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G-protein-signaling modulator 2 expression and role in a CD133+ pancreatic cancer stem cell subset

Authors Dang SC, Qian XB, Jin W, Cui L, Chen JX, Gu M

Received 17 September 2018

Accepted for publication 20 December 2018

Published 23 January 2019 Volume 2019:12 Pages 785—794

DOI https://doi.org/10.2147/OTT.S187670

Checked for plagiarism Yes

Review by Single anonymous peer review

Peer reviewer comments 2

Editor who approved publication: Dr XuYu Yang

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Sheng-Chun Dang,1 Xiao-Bao Qian,1 Wei Jin,2 Lei Cui,1 Ji-Xiang Chen,1 Min Gu3

1Department of General Surgery, Affiliated Hospital of Jiangsu University, Zhenjiang, Jiangsu 212001, People’s Republic of China; 2Department of Obstetrics and Gynecology, ChangShu No. 2 People’s Hospital, Changshu, Jiangsu 215500, People’s Republic of China; 3Department of Oncology, Zhenjiang Hospital of Traditional Chinese and Western Medicine, Zhenjiang, Jiangsu 212001, People’s Republic of China

Background: To investigate the expression and role of G-protein-signaling modulator 2 (GPSM2) in a CD133+ pancreatic stem cell subset.
Materials and methods: Pancreatic cancer stem cells (PCSCs) from the cell line PANC-1 were sorted into CD133+ and CD133- subsets by flow cytometry. The tumorigenic potential of the subsets was assessed by subcutaneous tumor formation experiments in nude mice. Differential expression of GPSM2 was examined by real-time quantitative-PCR (qPCR) and Western blotting. To silence GPSM2 expression, a shRNA lentiviral vector targeting GPSM2 was constructed and stably transfected into CD133+ PCSCs. The inhibitory efficiency of the GPSM2 gene was verified by qPCR and Western blotting. The proliferation, colony formation, and migration abilities of the transfected CD133+ pancreatic cancer cells were assessed by MTT, soft agar colony formation, and Transwell assays.
Results: CD133+ and CD133- cell subsets were successfully isolated from PANC-1 cells. The CD133+ subset subcutaneously formed tumors in nude mice that were significantly bigger (343.05±57.59 mm3 vs 176.86±32.58 mm3, P<0.01) and denser (4.13±0.37 g vs 1.07±0.21 g, P<0.01) than those of the CD133- group. The GPSM2 mRNA and protein expression was significantly higher in CD133+ cells than in CD133- cells. Stable downregulation of GPSM2 expression reduced the proliferation, colony formation, and migration abilities of CD133+ PANC-1 cells (P<0.05).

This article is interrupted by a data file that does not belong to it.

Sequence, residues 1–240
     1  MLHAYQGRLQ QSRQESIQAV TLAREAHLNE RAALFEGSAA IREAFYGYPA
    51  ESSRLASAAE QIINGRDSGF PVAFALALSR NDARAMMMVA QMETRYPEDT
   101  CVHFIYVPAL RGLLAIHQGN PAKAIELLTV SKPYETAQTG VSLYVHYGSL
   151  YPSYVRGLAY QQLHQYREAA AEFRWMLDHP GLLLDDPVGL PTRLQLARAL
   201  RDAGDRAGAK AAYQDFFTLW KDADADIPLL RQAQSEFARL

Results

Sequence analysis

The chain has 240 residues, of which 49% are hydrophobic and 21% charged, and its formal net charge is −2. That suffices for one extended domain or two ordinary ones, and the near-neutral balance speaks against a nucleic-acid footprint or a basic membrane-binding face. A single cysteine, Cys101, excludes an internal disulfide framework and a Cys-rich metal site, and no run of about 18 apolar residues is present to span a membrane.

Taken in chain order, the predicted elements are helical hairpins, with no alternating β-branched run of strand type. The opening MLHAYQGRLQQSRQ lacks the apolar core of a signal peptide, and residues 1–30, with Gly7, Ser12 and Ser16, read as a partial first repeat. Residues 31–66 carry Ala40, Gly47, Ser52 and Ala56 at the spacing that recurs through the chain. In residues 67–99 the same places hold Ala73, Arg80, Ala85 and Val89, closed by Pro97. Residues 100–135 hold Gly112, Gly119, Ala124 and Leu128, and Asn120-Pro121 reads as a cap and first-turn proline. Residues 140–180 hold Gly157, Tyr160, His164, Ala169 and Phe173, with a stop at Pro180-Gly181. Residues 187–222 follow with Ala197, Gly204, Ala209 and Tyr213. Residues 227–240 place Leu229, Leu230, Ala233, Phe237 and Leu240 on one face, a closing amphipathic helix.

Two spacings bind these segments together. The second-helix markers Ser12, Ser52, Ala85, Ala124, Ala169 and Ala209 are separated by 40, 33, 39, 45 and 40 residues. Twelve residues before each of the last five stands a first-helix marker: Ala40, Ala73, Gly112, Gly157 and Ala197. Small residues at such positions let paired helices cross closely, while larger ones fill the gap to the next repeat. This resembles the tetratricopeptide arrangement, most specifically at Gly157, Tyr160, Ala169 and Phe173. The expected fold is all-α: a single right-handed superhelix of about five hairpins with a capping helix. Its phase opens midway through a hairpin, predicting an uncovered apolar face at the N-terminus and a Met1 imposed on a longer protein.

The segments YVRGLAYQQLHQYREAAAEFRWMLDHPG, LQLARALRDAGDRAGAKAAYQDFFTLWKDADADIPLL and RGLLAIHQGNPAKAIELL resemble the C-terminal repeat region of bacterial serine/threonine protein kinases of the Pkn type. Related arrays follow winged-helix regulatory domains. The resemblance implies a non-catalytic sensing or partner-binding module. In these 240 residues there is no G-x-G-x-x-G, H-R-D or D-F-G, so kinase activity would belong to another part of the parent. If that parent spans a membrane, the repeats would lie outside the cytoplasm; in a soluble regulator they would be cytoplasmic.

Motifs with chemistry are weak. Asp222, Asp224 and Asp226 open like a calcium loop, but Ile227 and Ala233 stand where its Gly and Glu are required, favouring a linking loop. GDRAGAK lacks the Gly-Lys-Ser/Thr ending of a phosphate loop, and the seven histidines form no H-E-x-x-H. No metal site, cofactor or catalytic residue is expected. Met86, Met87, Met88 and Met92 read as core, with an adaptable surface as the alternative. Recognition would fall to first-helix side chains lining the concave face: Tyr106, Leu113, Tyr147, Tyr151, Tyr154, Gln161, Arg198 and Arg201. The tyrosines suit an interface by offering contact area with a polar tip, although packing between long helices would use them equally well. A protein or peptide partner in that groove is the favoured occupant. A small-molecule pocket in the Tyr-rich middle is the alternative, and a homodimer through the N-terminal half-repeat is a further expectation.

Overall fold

Conclusion: The CD133+PANC-1 cells have obvious stem cell characteristics and increased GPSM2 expression. Downregulation of GPSM2 significantly reduces the proliferation and migration ability of the cells. Therefore, GPSM2 may provide an important target for regulating PCSCs.

Keywords: neoplastic stem cells, GPSM2 protein, human, lentivirus, flow cytometry, CD133 antigen, cell proliferation, migration

Introduction

Pancreatic cancer is a common malignancy of the digestive system, with a 5-year survival of <5%.1 Rapid invasion, high metastasis, and resistance to chemotherapeutic drugs are important causes of death in pancreatic cancer patients.2,3 Recent studies have shown that tumors contain a subset of cells called cancer stem cells (CSCs). This subset has the ability to self-renew and differentiate into heterogeneous tumors by asymmetric cell division (ACD),4 which is a process that is specific to stem cells.57 CSCs are highly resistant to conventional chemotherapeutic drugs and are associated with tumor recurrence and metastasis.8 Pancreatic cancer stem cells (PCSCs), which were first discovered in 2007,9 play an important role in pancreatic cancer metastasis and drug resistance.1012 Although increasingly more studies have supported the existence of PCSCs, the mechanisms for regulating PCSCs remain to be elucidated.

G-protein-signaling modulator 2 (GPSM2) is an important factor that regulates the localization and mitotic spindle pole orientation of cells.13 Fukukawa et al have shown that GPSM2 is upregulated in breast cancer tissues and plays an essential role in cell division.14 In our previous study, we demonstrated that GPSM2 is overexpressed in pancreatic cancer tissues. Furthermore, GPSM2 overexpression has been correlated with the TNM staging, tumor differentiation, and prognosis of pancreatic cancer.15 In vitro experiments have confirmed that overexpression of GPSM2 enhances the migration ability of human pancreatic cancer cells,16 though its specific function in PCSCs has not been characterized. To further explore the contribution of GPSM2 to the regulation of pancreatic cancer, we assessed the differential expression of GPSM2 in PCSCs and evaluated its effect on the proliferation and migration abilities of PCSCs.

Materials and methods

Reagents and equipment